Friday, September 04, 2015

Social science research of Robert Hard published in National Academy of Sciences journal

Robert Hard
Cerro Janaquea

Top photo: Robert Hard
Bottom photo: The site of Cerro Juanaquena in Northwest Chihuahua, Mexico, was occupied 1100-1300 B.C. and represents an early farming settlement and a product of the spread of maize northward from Mexico into the Southwest (Photo by Adriel Heisey)

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(Jan. 13, 2010)--Robert J. Hard, UTSA associate professor of anthropology in the College of Liberal and Fine Arts, co-authored an article published in the Dec. 15 issue of "Proceedings of the National Academy of Sciences." Along with "Nature" and "Science," PNAS is considered by many to be among the three journals that most influence scientific progress.

The article, "The Diffusion of Maize to the Southwestern U.S. and Its Impact," offers new theories on how maize and other crops spread from Mexico northward based on research collaborations that integrate archeological, linguistic, genetic and paleoecological data combined with the results of dramatic archeological discoveries made in recent years.

The article also offers new perspectives into the spread of the ancestral Uto-Aztecan language family from Nevada southward, which includes such languages as Hopi, Comanche and Nahuatl.

"UTSA's new Ph.D. program in anthropology also represents archaeology, cultural anthropology, biological anthropology and linguistics as well as ecology, and the PNAS article indicates one way anthropology sub-disciplines can be integrated to advance research," said Hard.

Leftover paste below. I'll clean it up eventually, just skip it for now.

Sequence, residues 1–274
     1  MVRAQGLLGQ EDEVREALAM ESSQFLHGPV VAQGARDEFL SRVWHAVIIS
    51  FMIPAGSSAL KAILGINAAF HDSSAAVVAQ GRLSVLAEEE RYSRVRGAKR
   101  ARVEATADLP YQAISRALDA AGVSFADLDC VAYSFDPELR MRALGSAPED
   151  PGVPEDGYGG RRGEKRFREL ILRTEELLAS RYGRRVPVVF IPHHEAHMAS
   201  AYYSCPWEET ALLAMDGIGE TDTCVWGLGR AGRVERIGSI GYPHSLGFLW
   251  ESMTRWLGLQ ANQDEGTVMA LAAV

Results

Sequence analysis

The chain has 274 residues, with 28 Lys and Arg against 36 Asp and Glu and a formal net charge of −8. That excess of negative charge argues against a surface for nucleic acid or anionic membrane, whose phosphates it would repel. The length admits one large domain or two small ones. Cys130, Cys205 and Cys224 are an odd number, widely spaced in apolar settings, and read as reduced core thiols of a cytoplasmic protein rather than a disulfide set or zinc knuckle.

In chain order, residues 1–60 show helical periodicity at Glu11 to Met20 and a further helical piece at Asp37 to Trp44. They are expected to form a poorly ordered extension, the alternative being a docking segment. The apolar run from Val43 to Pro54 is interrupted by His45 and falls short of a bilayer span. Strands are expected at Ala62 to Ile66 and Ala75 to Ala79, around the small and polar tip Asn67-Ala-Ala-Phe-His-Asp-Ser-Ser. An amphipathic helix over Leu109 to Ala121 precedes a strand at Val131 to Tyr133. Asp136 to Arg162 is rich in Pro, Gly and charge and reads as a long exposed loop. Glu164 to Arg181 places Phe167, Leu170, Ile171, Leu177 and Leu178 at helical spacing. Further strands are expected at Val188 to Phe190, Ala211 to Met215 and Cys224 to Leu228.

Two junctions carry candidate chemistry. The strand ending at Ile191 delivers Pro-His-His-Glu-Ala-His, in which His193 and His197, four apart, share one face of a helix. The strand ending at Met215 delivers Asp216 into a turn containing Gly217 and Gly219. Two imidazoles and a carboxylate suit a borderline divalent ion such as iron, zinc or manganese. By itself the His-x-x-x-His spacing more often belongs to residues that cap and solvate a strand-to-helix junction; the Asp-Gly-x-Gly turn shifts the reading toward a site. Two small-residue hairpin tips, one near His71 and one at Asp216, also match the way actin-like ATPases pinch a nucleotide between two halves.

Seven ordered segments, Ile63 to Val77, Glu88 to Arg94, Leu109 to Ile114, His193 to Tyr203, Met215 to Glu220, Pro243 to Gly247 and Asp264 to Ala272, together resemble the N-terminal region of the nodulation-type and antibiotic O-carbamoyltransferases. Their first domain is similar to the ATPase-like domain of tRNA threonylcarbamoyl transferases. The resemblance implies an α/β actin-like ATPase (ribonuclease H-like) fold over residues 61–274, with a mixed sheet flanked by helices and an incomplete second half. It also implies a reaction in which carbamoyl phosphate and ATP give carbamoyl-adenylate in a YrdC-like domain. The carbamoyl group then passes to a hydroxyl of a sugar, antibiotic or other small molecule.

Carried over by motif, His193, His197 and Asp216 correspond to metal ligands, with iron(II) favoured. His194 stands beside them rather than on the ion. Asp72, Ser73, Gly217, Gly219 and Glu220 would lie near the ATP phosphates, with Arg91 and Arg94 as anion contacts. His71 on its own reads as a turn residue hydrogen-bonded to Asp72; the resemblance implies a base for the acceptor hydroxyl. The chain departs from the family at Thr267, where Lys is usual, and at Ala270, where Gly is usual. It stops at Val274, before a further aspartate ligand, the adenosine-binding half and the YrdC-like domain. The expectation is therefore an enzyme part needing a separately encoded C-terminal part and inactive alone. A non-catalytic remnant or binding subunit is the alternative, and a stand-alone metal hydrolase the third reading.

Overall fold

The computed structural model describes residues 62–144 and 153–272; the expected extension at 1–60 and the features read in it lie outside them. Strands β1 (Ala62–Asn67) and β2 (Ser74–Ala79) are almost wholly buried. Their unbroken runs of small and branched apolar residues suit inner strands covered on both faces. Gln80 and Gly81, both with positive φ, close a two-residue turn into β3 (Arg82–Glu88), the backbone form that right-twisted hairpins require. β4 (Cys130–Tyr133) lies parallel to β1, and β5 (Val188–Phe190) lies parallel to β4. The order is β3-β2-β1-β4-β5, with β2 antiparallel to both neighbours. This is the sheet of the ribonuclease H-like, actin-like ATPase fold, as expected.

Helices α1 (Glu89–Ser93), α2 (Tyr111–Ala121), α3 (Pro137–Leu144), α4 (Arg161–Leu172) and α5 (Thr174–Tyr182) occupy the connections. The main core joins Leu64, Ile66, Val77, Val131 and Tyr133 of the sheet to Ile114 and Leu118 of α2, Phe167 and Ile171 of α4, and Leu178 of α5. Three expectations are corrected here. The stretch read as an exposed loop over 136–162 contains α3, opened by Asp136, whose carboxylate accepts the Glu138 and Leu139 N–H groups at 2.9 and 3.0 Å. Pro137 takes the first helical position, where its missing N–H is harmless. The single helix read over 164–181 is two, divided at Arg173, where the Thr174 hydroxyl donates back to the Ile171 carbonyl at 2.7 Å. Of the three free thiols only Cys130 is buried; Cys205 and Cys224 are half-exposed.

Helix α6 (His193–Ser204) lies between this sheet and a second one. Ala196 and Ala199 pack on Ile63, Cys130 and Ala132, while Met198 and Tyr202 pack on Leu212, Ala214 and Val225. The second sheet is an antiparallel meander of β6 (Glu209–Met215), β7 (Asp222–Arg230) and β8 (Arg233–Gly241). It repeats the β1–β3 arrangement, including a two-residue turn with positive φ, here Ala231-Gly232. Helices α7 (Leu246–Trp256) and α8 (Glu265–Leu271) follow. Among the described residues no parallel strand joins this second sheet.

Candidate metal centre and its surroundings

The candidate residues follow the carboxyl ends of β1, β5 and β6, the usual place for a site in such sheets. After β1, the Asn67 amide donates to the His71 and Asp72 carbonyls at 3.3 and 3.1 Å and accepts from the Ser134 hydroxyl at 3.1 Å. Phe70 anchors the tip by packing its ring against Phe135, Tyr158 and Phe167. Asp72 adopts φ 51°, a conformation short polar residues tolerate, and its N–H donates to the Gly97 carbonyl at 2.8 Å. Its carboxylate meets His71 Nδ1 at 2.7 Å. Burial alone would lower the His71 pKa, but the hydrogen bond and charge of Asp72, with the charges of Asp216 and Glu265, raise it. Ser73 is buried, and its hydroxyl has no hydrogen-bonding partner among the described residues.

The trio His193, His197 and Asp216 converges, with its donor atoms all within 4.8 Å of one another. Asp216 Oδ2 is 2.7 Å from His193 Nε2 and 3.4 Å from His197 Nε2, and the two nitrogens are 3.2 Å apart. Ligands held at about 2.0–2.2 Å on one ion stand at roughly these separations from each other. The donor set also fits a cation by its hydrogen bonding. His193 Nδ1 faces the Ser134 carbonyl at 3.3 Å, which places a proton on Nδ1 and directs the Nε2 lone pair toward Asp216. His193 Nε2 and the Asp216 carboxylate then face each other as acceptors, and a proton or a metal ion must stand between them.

Principal authors of the article are Hard and William L. Merrill of the National Museum of Natural History Smithsonian Institution. Co-authors include Jonathan B. Mabry, Gayle J. Fritz, Karen R. Adams, John R. Roney and A. C. MacWilliams.

>>Read the full text of the study at the PNAS Web site.

 

 

 

 

Did You Know?

UTSA writes the book on all-digital libraries

As touch screens and e-books demand more and more attention from both casual readers and scholars, many people say the handwriting is on the wall for the printed page.

At UTSA, the handwriting is on the wall for a library that doesn't have any printed books.

Since March 2010, the bookless library in the Applied Engineering and Technology Building has given UTSA students an innovative way to read, research and work with each other to solve problems.

With ultra-modern furniture and a décor featuring desktop computers, scanners and LCD screens, the AET Library is designed to engage students in an online format. But it also offers group study niches and study rooms with whiteboards and glass walls on which students can write. The space encourages teamwork, communications and problem solving for the next generation of scientists and professional engineers.

Did you know? The UTSA AET Library is the nation's first completely bookless library on a college or university campus. It served as a model for Bexar County's first-in-the-nation public bookless library system and one of its branches, the Dr. Ricardo Romo BiblioTech.

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